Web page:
What if you knew that 75% of your classmates owned a pet. How could you convert this number to a fraction or a decimal? After completing this Concept, you'll be able to switch back and forth between percents, fractions, and decimals.

### Watch This

CK-12 Foundation: 0313S Percentages (H264)

### Watch This

Khan Academy: Taking Percentages

### Guidance

A **percent** is simply a ratio with a base unit of 100. When we write a ratio as a fraction, the percentage we want to represent is the numerator, and the denominator is 100. For example, 43% is another way of writing . , on the other hand, is equal to , so it would be equivalent to 4.3%. is equal to , or 40%. To convert any fraction to a percent, just convert it to an equivalent fraction with a denominator of 100, and then take the numerator as your percent value.

To convert a percent to a decimal, just move the decimal point two spaces to the right:

And to convert a decimal to a percent, just move the decimal point two spaces to the left:

**Finding and Converting Percentages**

Before we work with percentages, we need to know how to convert between percentages, decimals and fractions.

Converting percentages to fractions is the easiest. The word “percent” simply means “per 100”—so, for example, 55% means 55 per 100, or . This fraction can then be simplified to .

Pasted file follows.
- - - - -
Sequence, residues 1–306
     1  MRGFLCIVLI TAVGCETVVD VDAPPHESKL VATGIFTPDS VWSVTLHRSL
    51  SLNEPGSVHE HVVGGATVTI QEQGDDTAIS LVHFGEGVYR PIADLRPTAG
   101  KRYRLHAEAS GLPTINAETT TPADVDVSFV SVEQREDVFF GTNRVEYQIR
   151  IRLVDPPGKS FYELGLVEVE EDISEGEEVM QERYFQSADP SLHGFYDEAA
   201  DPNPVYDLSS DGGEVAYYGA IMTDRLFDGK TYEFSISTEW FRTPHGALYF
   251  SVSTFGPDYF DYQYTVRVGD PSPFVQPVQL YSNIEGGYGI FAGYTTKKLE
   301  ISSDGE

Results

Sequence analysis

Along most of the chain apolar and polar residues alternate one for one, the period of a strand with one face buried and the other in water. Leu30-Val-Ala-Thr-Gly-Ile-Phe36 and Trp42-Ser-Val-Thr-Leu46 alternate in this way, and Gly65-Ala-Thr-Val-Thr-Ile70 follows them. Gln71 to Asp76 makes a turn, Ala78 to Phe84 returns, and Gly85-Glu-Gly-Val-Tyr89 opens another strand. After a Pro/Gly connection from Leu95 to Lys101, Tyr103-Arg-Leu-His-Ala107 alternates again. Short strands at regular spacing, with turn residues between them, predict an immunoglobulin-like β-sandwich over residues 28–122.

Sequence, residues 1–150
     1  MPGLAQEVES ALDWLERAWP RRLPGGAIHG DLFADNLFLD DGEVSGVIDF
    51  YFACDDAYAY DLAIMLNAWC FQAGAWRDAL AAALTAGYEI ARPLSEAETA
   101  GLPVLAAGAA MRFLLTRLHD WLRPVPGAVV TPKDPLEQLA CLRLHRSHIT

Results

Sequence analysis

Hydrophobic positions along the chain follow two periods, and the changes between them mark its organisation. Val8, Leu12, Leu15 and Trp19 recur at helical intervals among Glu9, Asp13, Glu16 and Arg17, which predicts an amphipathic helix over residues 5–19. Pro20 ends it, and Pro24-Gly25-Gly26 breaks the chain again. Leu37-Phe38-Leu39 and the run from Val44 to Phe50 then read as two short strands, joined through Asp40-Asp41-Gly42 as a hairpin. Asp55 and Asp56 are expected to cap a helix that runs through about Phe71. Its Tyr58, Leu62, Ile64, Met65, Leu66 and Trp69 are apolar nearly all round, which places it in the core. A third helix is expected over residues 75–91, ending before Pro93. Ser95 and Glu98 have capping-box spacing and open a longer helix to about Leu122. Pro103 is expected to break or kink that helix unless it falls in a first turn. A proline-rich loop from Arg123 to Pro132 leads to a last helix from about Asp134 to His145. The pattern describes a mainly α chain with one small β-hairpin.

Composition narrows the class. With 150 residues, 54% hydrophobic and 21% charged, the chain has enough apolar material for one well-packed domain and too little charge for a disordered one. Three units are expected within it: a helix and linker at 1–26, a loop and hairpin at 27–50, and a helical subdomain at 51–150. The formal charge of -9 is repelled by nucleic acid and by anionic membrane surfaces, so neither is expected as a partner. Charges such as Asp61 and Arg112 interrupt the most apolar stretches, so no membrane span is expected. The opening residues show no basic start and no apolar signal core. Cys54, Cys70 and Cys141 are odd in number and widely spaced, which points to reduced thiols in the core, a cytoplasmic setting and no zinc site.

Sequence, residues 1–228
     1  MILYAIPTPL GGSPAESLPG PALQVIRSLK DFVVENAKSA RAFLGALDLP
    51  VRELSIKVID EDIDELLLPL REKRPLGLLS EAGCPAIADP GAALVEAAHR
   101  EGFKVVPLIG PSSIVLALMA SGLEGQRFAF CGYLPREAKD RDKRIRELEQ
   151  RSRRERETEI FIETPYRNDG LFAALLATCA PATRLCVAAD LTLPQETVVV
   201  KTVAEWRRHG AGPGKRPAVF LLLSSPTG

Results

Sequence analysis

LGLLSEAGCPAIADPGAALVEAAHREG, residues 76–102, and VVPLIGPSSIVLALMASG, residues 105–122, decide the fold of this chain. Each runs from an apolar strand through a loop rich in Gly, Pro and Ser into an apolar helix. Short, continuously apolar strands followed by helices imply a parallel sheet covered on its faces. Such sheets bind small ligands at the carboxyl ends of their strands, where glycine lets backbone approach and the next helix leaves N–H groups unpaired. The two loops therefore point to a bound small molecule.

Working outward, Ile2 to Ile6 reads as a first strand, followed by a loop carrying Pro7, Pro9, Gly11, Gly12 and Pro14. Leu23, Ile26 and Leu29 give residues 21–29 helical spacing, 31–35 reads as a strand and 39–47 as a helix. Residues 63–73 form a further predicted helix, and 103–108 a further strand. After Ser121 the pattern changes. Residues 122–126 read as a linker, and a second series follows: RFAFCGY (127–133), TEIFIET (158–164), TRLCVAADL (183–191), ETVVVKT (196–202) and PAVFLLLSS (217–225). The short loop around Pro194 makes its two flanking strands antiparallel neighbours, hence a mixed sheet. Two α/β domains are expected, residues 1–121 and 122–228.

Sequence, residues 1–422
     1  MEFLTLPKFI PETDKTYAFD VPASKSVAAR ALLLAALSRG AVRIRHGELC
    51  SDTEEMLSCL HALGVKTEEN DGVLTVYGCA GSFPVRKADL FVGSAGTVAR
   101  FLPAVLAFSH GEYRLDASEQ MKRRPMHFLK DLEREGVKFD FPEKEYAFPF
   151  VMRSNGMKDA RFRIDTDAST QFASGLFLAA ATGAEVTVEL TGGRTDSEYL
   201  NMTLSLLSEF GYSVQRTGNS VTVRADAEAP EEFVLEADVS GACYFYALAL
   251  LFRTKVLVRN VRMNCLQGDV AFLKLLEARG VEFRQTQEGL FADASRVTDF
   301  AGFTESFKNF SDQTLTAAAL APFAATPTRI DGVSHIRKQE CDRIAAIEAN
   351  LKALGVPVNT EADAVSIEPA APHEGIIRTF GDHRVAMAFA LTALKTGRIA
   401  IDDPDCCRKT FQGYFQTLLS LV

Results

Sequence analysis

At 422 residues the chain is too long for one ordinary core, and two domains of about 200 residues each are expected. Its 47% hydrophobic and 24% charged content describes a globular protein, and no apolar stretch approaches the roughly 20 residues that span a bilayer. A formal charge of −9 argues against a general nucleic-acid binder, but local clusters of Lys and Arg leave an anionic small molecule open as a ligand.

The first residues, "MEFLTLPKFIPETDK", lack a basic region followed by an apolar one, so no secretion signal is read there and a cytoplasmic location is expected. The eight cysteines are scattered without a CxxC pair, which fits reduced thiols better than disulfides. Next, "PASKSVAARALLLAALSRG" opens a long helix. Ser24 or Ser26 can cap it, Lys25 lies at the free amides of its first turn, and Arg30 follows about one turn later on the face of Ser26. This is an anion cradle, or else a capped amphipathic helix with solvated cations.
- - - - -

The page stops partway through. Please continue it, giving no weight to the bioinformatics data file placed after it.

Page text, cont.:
#### Example A

*Convert 32.5% to a fraction.*

**Solution**

32.5% is equal to 32.5 per 100, or . To reduce this fraction, we first need to multiply it by to get rid of the decimal point. then reduces to .

Converting fractions to percentages can be a little harder. To convert a fraction directly to a percentage, you need to express it as an equivalent fraction with a denominator of 100.

#### Example B

*Convert to a percent.*

**Solution**

To get the denominator of this fraction equal to 100, we have to multiply it by 12.5. Multiplying the numerator by 12.5 also, we get , which is equivalent to 87.5%.

But what about a fraction like , where there’s no convenient number to multiply the denominator by to get 100? In a case like this, it’s easier to do the division problem suggested by the fraction in order to convert the fraction to a decimal, and *then* convert the decimal to a percent. 1 divided by 6 works out to 0.166666.... Moving the decimal two spaces to the right tells us that this is equivalent to about 16.7%.

Why can we convert from decimals to percents just by moving the decimal point? Because of what decimal places represent. 0.1 is another way of representing one tenth, and 0.01 is equal to one hundredth—and one hundredth is one percent. By the same logic, 0.02 is 2 percent, 0.35 is 35 percent, and so on.

#### Example C

*Convert 2.64 to a percent.*

**Solution**

To convert to a percent, simply move the decimal two places to the right. .

Does a percentage greater than 100 even make sense? Sure it does—percentages greater than 100 come up in real life all the time. For example, a business that made 10 million dollars last year and 13 million dollars this year would have made 130% as much money this year as it did last year.